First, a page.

SyriA’s pup­peteer hopes to sAve his Art

The Sunday Guardian - - The Week -

DAMASCUS: The last shadow pup­peteer in Damascus lost most of his equip­ment to war and en­dured life as a refugee in Le­banon, but now be­lieves the old Syr­ian art form might sur­vive af­ter the United Na­tions said it needed to be saved.

Last week the UN’s cul­tural agency UNESCO added Syr­ian shadow pup­petry to its list of in­tan­gi­ble her­itage in ur­gent need of sav­ing. “Un­til three or five days ago, it was an art that didn’t pro­vide bread. Now we are think­ing of buy­ing bread and eat­ing bread... I hope for the bet­ter,” said Shadi al-Hal­laq, the last pup­peteer. When he took it up in his late teens in 1993, tra­di­tional shadow pup­petry was al­ready all but for­got­ten and his fam­ily wor­ried he could never make it his liv­ing. He re­vived the art from old sto­ries and his­tory books, and made the pup­pets him­self. They are crafted from camel, cow or don­key hide and each char­ac­ter rep­re­sents a par­tic­u­lar so­cial trait. At a re­cent per­for­mance, Hal­laq used a translu­cent screen, painted to re­sem­ble an al­ley­way in the Old City of Damascus, to tell a story about un­scrupu­lous traders us­ing the tra­di­tional two main char­ac­ters—naive Karakoz and the wise, wily Ay­waz. These two pup­pets, con­trolled with sticks and pressed against the back of the screen with the light be­hind them, so that their shad­ows are pro­jected upon it, are the only ones he has left.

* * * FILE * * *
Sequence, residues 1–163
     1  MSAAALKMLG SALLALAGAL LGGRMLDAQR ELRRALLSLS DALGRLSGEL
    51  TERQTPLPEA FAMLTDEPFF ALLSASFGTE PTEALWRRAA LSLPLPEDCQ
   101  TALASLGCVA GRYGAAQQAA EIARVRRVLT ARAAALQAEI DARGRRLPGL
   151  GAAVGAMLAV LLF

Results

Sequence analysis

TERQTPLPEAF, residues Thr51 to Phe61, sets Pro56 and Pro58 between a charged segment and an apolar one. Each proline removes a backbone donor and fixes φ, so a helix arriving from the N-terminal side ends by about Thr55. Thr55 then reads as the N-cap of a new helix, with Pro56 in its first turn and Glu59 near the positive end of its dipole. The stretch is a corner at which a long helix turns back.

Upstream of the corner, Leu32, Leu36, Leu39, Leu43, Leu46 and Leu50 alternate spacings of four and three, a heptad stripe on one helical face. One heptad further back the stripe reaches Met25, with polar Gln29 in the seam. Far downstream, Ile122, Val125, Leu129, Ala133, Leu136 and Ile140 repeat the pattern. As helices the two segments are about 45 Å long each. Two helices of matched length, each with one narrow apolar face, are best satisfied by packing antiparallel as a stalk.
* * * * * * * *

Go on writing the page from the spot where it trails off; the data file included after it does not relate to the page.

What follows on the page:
Early in the war, Hal­laq lost his mo­bile the­ater set and 23 other hand-made char­ac­ters in east­ern Ghouta, just out­side Damascus, as the con­flict flared.

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